Maarten Baas Goes ‘Pop’ at Salone del Mobile

Dutch designer Maarten Baas was in Milan last week launching his Das Pop light for Czech lighting brand Lasvit. We caught up with him to talk about the collection, listening to your gut, and what he hopes to pass onto his students at Design Academy Eindhoven


Do you want to start by telling me about Das Pop?

It’s based on the chandelier we made last year. I wanted to combine my Clay Furniture with glass. Glass is a formed by mouth, or should I say by air, and the Clay Furniture is made by hand, so I thought there was an interesting dialogue between those two materials. There’s a contrast in it – the fingerprints are kind of rough and the glass is very smooth – but there’s also the similarity that it’s all handmade and I think that’s exactly the strength of it. Last year we made the chandelier and standing lamp and this year we wanted to make something more simple, so we thought let’s take the bulb only and make a pendant lamp out of it, so it’s a very simple lamp actually, I’ve never worked on anything as minimal as this.


What has been the difference in working so minimally compared to how you usually work?

It was easy, five minutes and done! No, but it was actually quite easy. It was so logical that this needed to be the shape and then there were some technical difficulties around the size of the mechanism inside but that’s a usual part of the design process. My work is never really high tech to look at, but on the other hand there is often a lot of technology behind the scenes. Take the Clay Furniture for example – the material itself is a very high tech material so I made it look very naïve on purpose. I like that, I like the very direct approach. You should see it and the message should be clear so no more layers or difficulties or intellectualizing or technical things because I want it to hit you right away, rather than you having to think about the concept too much. I think you reach that by keeping it as simple as possible. It is very difficult to do that, but you should not see the difficulties in the final product.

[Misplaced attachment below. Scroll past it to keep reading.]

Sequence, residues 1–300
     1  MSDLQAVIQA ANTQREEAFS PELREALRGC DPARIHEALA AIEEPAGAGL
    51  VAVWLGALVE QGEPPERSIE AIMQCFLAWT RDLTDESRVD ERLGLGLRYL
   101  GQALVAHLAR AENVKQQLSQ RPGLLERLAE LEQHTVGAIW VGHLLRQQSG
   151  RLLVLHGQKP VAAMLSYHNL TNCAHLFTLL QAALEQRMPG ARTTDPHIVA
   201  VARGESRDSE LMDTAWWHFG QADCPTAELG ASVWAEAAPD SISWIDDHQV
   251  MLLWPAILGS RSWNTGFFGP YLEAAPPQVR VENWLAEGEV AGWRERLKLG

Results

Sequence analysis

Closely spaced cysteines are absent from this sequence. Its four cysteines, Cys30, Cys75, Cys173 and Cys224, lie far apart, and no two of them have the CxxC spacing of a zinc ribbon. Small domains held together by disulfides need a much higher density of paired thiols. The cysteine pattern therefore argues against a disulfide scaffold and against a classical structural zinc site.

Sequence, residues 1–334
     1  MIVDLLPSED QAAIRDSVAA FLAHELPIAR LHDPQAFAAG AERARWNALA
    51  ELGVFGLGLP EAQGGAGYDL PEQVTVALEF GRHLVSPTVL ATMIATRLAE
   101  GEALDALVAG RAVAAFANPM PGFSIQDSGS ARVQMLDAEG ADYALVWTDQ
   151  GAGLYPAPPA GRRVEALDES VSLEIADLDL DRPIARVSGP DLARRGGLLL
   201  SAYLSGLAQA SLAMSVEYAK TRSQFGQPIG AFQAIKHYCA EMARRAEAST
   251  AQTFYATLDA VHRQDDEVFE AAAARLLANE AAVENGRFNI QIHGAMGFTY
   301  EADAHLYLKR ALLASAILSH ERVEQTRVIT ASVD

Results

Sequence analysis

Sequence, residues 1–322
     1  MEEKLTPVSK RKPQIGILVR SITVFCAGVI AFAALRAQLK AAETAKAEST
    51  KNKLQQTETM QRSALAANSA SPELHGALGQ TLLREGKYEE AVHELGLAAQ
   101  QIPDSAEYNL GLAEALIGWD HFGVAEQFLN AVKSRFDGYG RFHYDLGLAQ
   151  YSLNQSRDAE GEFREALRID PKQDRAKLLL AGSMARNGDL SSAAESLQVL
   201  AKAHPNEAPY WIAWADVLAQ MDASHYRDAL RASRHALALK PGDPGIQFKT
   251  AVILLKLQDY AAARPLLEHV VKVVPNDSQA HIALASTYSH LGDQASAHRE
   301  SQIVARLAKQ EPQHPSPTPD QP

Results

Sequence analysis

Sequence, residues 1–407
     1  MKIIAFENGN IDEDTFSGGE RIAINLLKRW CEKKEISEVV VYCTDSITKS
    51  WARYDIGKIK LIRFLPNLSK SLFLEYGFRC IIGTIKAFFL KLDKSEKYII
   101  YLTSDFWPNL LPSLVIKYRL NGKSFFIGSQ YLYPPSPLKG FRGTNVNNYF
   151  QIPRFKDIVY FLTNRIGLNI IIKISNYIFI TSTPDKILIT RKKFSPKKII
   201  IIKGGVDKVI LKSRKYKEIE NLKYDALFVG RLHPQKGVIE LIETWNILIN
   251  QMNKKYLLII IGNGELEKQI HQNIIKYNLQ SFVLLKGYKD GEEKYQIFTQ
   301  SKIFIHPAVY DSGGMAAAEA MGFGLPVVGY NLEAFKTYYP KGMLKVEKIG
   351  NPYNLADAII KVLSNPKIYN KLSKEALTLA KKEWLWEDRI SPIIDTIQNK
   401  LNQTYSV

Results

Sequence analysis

How does your design process work?

I don’t know, I just have an idea, this is what I want to make and then I start making it. When a company like Lasvit approaches me, I have to kind of reverse engineer the process so I can make something I would have made anyway. I don’t like to start with the material – I have an idea and then I search out the material that will fit to make the idea.


And do you draw, do you use a computer, do you make prototypes?

Yeah mostly I draw, a very sketchy thing which is interpretable in many ways and then we make that in the workshop at 1:1 scale. Then I can see what happens and decide whether I think it should be a bit smaller or whether there should be something there or whatever – sort of ‘sculpting’ the piece. It depends what kind of product it is, but that is often how it goes. Even if I have to design a space, a restaurant for instance, I prefer to make that restaurant 1:1 in the workshop and then put all the furniture in it. I have difficulties making it abstract in a computer – I really want to see it, to walk through it. If you design everything on a computer you end up with cold spaces which are not really made with a real human – you get a kind of a template of ‘a restaurant should look like this.’ I work very inefficiently, because I always have to reinvent the wheel and think about the most sublime thing for that moment, for that situation, for that client.